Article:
Nkanyiso Nduduzo Khumalo
Nkanyiso Nduduzo Khumalo, a current freshman at Marist, was born in Johannesburg, South Africa. At 22 years old, his life has been anything but ordinary. While still in high school in 2011, Nkanyiso began to tutor mathematics to fellow classmates. After months of this, he went to the dean of the school with the idea of beginning an after school program specifically designated for tutoring. Thus, he became the founder and CEO of Maths Extra for three years.
Following his high school graduation, Khumalo attended the African Leadership Academy (ALA) for two years, graduating in 2015. The ALA consisted of students from over 40 countries across the African continent. It was here that he took his A level classes and class on entrepreneurial leadership. The purpose of the school was to create the next generation of African leaders.
However, Khumalo took a gap year before attending college. He began interning for an organization, LEAF, out of Slovakia. The purpose of LEAF was to start a school that would be similar to and serve the same purpose as the African Leadership Academy. At the time, the Slovak school was trying adapt to the AP educational system which necessitated a new curriculum. Khumalo became a part of the team that assisted in writing a curriculum for entrepreneurial leadership based off of what he had learned from his previous academy. He created mission statements and profiles regarding what the school wanted to teach students. From there, the team began developing a strategy as to what students in the school should learn and how the school was going to teach, focusing on an environment that encouraged the students to challenge what they were learning. Through the program, Khumalo was able to travel to countries such as Hungry, Czech, and Poland in order to talk to potential students about what the school had to offer.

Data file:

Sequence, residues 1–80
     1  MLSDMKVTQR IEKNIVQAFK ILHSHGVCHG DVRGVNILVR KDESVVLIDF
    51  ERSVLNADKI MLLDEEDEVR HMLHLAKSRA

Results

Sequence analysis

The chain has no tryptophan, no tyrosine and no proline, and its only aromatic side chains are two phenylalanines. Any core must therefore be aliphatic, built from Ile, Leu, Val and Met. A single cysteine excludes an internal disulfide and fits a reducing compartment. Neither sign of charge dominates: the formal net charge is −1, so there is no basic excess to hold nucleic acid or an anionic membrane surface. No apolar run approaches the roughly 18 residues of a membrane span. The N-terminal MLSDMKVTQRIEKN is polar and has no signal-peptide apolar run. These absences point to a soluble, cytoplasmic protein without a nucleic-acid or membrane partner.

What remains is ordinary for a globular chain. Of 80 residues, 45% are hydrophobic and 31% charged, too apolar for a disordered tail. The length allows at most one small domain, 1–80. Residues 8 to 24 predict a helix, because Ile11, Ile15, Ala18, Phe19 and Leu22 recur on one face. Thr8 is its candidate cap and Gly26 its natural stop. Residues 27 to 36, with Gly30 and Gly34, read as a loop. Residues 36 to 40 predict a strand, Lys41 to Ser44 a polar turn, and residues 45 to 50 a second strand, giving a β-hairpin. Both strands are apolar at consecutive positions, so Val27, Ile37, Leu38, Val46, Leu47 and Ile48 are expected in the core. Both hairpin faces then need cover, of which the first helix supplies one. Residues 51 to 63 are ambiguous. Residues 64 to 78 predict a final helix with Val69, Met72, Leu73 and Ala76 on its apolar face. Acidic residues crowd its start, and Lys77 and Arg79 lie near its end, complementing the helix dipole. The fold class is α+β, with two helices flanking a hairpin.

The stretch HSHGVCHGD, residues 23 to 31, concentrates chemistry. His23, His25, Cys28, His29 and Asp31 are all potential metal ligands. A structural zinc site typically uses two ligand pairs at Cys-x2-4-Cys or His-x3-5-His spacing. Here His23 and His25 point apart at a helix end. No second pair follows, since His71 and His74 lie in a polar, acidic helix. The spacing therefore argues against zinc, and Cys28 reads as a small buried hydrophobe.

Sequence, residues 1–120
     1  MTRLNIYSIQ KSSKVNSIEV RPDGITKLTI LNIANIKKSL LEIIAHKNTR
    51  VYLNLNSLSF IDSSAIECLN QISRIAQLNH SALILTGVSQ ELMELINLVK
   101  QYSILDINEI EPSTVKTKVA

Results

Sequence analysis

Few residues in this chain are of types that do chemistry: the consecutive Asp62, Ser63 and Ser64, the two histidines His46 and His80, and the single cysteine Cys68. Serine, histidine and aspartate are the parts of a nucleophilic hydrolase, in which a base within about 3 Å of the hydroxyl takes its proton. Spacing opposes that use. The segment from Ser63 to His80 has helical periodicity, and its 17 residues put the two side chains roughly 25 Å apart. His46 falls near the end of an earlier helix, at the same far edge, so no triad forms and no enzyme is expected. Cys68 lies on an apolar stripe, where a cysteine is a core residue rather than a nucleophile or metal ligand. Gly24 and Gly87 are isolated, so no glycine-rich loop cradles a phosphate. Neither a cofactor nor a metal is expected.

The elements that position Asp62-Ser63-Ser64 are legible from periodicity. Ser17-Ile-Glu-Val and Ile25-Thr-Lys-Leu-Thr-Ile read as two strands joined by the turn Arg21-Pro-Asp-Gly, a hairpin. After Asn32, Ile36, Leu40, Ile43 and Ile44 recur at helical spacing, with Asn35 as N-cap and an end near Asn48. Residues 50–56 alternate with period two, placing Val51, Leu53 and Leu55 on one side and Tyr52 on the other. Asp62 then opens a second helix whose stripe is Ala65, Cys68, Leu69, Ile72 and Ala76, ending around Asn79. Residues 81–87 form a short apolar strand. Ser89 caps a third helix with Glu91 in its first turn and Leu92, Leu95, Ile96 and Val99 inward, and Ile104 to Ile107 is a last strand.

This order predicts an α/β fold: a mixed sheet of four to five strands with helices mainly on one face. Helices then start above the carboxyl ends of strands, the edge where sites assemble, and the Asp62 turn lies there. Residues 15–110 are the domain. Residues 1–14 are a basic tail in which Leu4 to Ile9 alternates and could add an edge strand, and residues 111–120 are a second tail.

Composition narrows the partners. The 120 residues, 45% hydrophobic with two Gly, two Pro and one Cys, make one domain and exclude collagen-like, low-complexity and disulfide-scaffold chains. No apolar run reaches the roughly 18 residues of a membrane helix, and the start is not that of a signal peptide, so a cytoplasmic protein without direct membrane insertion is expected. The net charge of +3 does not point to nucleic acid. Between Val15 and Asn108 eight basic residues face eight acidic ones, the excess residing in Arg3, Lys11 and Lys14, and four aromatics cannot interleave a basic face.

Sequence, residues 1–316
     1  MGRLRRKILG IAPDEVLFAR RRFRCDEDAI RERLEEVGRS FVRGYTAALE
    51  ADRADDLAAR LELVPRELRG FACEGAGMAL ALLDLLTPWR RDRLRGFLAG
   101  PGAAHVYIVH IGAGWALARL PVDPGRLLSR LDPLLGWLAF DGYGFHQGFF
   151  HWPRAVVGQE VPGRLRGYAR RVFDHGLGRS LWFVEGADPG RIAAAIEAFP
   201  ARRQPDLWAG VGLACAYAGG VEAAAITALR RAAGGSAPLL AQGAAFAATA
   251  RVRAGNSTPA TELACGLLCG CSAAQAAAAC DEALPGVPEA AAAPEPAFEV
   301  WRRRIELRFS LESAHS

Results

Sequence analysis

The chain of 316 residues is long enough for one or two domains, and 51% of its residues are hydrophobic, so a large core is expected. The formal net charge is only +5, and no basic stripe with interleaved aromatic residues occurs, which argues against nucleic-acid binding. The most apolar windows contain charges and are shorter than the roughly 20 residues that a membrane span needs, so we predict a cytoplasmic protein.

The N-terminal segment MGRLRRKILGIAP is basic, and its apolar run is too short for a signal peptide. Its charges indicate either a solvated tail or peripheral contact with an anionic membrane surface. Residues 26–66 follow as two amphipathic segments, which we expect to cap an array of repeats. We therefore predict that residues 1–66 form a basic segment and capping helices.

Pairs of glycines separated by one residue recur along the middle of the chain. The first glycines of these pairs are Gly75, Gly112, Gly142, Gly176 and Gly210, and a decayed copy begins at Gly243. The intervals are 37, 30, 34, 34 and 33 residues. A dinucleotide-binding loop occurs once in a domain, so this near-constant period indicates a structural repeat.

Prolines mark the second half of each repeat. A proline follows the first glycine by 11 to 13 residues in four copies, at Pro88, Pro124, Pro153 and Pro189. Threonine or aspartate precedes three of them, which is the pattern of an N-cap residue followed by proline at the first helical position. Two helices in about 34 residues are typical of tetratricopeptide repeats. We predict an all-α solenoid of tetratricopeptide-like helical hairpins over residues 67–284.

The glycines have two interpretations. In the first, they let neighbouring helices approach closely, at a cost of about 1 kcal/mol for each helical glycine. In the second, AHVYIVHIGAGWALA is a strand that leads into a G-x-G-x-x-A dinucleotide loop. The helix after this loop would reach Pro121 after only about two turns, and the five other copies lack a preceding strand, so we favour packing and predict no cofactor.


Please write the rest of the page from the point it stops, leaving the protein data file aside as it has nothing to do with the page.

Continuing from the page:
After spending six months working for LEAF, Khumalo returned to Johannesburg and worked for another organization called WITS RHI. He worked on the innovation side of the program, which focused on how to make institutions more youth friendly so more adolescents would utilize the program’s resources.
Khumalo says that his interest in teaching math began when he was in high school. After not having had a math teacher for six months, he could see fellow students struggling with the content; they began coming to him for help. After meetings with parents and the school dean, aforementioned Maths Extra was created.
Khumalo credits his mother for who he is today. “My mom raised me to be me, she has no real influence on what I do,” he says. “My mom is a very chill person, who I think wants me to grow up as an individual rather than as her son. She has allowed me to spread my wings; she puts so much trust in me.”
From a young age, Khumalo accepted challenges with open arms. He was introduced to actuarial sciences after taking a challenging class in his middle school in South Africa.
“I’ve always been fascinated by the phrase, ‘something is impossible’ or ‘something is difficult’ …if you want to motivate me, just say I can’t do something. Then I’ll show you if I want to, I can,” Khumalo said.
“That’s what always motivated me to do what I am doing now; I want to become a better vision of myself.”
After college graduation, Khumalo wants to be an actuarial scientist, but wishes to go back to be an entrepreneur and to return to Africa to pursue his own enterprises.↑ Back to top